London Opinion, c. 1915
Leather-bound account book
19.5cm x 12.5cm
Museum no: I.015
London Opinion is a collection of meticulously cut out excerpts from newspapers and presented in notebook form. It appears to be the work of a young man only known as HGB and is dated September 1915.
A newspaper extract indicates that HGB is one of nearly 3,000 young men who enlisted in the Surrey Yeomanry, waiting to be deployed to Gallipoli. In the back of the journal, there are beautifully ordered drawings of electrical circuit boards, which conflict with the bewildered, and at times cruel, opinions held towards women displayed at the beginning of the book.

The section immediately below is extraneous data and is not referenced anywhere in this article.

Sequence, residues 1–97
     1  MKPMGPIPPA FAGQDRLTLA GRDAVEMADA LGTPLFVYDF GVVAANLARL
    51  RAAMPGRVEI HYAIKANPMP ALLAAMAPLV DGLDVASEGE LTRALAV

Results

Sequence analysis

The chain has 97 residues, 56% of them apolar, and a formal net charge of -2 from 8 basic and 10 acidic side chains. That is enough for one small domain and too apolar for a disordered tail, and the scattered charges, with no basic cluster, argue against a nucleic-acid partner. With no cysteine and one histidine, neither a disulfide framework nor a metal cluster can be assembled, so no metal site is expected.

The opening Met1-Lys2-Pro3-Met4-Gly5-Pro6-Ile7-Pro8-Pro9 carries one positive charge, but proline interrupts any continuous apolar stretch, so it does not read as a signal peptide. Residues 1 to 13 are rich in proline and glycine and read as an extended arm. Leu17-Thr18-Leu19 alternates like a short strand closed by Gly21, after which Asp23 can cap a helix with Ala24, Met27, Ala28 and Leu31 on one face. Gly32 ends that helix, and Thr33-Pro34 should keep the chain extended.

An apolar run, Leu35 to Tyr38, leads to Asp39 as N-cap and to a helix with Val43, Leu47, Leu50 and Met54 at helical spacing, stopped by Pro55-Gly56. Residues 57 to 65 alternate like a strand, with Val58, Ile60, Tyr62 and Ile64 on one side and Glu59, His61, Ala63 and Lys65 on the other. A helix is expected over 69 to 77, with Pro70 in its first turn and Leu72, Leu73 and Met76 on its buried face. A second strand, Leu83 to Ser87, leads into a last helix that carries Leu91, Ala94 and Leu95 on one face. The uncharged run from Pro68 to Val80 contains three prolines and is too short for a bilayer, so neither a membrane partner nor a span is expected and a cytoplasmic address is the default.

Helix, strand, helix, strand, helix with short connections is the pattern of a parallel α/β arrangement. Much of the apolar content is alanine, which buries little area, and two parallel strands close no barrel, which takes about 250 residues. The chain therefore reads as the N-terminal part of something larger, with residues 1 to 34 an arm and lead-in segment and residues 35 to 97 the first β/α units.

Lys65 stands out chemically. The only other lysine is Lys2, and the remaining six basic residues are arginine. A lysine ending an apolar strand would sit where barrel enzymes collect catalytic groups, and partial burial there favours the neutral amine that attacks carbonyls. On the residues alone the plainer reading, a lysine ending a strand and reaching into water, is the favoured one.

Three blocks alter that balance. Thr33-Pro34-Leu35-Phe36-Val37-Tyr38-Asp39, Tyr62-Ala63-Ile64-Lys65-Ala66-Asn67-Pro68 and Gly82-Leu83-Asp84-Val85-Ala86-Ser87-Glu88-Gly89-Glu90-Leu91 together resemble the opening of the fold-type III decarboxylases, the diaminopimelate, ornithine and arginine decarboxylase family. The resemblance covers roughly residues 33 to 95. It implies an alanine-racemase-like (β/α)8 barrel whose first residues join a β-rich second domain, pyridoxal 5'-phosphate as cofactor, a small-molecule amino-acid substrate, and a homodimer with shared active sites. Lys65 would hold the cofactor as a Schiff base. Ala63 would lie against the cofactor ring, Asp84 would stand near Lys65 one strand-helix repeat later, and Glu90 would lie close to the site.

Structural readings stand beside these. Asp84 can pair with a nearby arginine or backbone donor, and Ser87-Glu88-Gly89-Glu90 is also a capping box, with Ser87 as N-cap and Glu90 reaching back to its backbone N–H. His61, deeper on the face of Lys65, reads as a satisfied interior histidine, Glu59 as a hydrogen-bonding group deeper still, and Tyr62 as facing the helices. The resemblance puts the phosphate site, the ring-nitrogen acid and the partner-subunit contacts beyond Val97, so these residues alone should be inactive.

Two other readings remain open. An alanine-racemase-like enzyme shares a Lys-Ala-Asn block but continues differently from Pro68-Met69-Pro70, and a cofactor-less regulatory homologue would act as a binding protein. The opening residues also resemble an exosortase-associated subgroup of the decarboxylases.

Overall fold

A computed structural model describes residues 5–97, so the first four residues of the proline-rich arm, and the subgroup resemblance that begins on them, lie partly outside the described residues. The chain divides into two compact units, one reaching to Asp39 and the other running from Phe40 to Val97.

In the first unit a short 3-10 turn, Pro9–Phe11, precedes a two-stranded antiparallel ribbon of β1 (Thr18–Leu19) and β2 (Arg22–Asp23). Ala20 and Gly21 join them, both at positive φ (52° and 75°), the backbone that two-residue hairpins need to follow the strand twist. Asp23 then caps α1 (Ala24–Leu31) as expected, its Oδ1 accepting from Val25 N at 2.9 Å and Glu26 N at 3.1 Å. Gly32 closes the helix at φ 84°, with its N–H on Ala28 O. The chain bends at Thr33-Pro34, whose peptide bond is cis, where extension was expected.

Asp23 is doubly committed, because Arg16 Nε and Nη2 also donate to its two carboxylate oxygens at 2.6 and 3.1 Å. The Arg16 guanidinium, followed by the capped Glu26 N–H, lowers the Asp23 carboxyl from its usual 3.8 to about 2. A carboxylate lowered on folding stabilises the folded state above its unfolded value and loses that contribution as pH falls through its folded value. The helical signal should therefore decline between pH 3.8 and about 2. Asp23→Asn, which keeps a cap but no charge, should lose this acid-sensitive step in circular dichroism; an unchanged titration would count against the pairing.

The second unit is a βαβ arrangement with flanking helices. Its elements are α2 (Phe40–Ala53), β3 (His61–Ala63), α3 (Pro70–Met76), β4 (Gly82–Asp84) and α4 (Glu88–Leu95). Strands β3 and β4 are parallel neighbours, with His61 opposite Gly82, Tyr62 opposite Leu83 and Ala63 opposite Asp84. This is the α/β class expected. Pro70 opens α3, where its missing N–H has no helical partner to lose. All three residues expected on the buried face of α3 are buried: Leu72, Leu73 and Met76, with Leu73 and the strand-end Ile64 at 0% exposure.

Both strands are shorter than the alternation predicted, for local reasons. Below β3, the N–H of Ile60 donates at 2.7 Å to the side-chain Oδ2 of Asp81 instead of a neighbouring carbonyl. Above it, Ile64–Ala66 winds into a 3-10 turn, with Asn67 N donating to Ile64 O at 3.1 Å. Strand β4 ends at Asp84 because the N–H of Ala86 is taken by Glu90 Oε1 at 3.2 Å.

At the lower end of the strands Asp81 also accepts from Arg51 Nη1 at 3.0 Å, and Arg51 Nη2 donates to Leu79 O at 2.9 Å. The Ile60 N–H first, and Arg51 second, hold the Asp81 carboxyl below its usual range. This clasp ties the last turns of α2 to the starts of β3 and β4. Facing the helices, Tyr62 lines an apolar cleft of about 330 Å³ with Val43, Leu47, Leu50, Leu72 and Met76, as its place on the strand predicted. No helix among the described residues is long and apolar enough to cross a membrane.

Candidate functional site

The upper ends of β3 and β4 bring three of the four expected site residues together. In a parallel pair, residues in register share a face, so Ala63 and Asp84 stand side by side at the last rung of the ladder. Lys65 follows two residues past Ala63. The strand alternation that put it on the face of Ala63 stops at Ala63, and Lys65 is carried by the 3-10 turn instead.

Such extracts as ‘women worshipped brute force; ‘I would have thought that they kept their hair long especially to be dragged about by it’ can be found contrasted by the whimsical notions of ‘being unable to forget your first love’ and ‘what do women desire?’.
Even though these are not HGB’s direct musings, they are ones he has chosen to collect, as he recognises his struggle within them. The book gives a snapshot of a young man at the close of the Edwardian era, about to go to war, possibly still a virgin, wanting romance and sexual encounter but in fear of rejection.